• The widespread adoption of interoperable alternatives such as Universal ID
  • The embrace of developments made around Google’s Federated Learning of Cohorts (FLoC)

Zooming in on the individual profile

For those who don’t know what a CDP is, we’ll defer to the (mostly) trustworthy Wikipedia:

“A customer data platform (CDP) is a collection of software which creates a persistent, unified customer database that is accessible to other systems. Data is pulled from multiple sources, cleaned and combined to create a single customer profile. This structured data is then made available to other marketing systems.”

With the removal of cookies set to change the digital marketing landscape, many advertisers are likely to look into CDPs, particularly utilising Post Third-Party Cookies (P3PC), in order to transition from collective audience data to the profiles of individual customers. In fact, even so-called zero-party data – collected through online consumer surveys, gamification engagement and even simple brand-consumer interactions – are gaining even greater momentum. Experts predict that the integrated data of CDPs will eventually become separated into the following categories:

  • Identification
  • Description
  • Behavioural patterns
  • Opinions

This data can help marketers target their products and brands in a meaningful manner through the usage of personas that are relatable to the intended base.

SEOw us what you’ve got!

Think about it: what happens when you search for anything on Google? Chances are that you find what you’re looking for without even having to click on any link, because the search engine itself finds ways to highlight the (often effectively) summarised answer to your specific question at the very top of the page.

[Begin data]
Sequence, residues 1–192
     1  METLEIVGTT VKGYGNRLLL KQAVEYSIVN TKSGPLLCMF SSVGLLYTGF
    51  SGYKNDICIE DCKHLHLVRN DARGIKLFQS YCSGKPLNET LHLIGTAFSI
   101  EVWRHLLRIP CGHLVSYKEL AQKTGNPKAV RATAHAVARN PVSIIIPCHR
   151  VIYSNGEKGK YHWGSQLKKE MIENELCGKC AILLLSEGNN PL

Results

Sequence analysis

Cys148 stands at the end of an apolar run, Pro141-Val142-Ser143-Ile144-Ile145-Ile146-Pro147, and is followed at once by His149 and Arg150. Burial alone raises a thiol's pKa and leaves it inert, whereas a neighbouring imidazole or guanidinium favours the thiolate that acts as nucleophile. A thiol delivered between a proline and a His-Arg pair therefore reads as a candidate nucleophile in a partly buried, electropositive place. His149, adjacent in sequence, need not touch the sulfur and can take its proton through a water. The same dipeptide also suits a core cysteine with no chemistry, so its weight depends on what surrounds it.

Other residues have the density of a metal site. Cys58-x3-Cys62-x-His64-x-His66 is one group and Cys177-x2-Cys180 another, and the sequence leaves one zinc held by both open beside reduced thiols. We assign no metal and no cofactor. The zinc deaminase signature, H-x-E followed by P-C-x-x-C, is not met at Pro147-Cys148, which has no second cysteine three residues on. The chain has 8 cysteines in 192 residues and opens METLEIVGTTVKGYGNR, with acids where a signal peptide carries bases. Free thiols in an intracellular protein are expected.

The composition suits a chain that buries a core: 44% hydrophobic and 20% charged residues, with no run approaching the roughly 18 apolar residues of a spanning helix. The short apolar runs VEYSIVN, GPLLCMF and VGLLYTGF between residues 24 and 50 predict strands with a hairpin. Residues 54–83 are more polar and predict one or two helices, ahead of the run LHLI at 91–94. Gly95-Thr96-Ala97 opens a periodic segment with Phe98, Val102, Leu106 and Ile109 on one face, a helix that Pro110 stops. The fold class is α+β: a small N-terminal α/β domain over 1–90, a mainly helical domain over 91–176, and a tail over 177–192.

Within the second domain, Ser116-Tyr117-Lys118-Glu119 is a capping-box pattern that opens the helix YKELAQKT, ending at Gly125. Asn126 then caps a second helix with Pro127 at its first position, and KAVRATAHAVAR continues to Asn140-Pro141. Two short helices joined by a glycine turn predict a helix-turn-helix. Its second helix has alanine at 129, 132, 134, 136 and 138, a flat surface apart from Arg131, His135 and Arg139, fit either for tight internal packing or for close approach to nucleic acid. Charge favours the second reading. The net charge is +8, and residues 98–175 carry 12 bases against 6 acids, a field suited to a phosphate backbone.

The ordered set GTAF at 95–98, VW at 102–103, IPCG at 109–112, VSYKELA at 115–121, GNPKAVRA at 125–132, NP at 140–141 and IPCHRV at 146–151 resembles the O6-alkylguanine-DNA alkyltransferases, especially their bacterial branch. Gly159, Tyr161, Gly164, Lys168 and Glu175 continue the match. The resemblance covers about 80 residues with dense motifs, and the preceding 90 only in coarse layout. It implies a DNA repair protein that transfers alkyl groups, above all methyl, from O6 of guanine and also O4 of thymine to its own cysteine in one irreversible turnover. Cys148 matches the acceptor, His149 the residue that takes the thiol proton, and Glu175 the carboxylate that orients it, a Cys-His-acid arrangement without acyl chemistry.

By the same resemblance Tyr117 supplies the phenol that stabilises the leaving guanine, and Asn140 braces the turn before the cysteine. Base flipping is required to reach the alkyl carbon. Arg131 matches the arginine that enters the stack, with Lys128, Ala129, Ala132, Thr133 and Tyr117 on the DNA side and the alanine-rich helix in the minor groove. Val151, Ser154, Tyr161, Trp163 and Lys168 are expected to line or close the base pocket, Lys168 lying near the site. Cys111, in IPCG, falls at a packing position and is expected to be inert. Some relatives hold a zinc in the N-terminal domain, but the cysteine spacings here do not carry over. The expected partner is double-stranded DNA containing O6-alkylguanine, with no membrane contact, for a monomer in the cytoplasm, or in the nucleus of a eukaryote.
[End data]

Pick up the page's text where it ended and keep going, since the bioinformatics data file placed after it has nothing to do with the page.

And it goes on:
This is known as zero-click searching and it is one of the many benefits of Google’s ever-evolving search algorithm. Well, benefits for the average user that is, as according to the website searchmetrics, around half of all Google searches currently conclude without any clicking whatsoever. For advertisers used to relying on Search Engine Optimisation (SEO), however, this increasingly common trend is likely to pose a considerable challenge in 2022. As a result, many of them are looking into effective SEO workarounds, some of which are as follows:

  • Leveraging Google My Business (GMB) profiles (using business information, contact information, website links and especially reviews) to establish rank and credibility in Google Maps’ Local 3-Pack listings.
  • Owning Google’s Search Engine Results Page’s (SERP) featured snippets by appearing in the top 10 SERPs for a particular set of target keywords. Businesses can either achieve this by utilising those keywords in creative and engaging content or by searching for high Click Per Search (CPS) long-tail keywords.
  • Utilising schema mark-ups in order to help Google display relevant company data with better context in the SERPs.

There are many more trends we can name here (the rise of conversational marketing, the increasing rise and sophistication of AIs etc.), but these are 4 trends that we suspect will significantly shape the digital marketing landscape of 2022.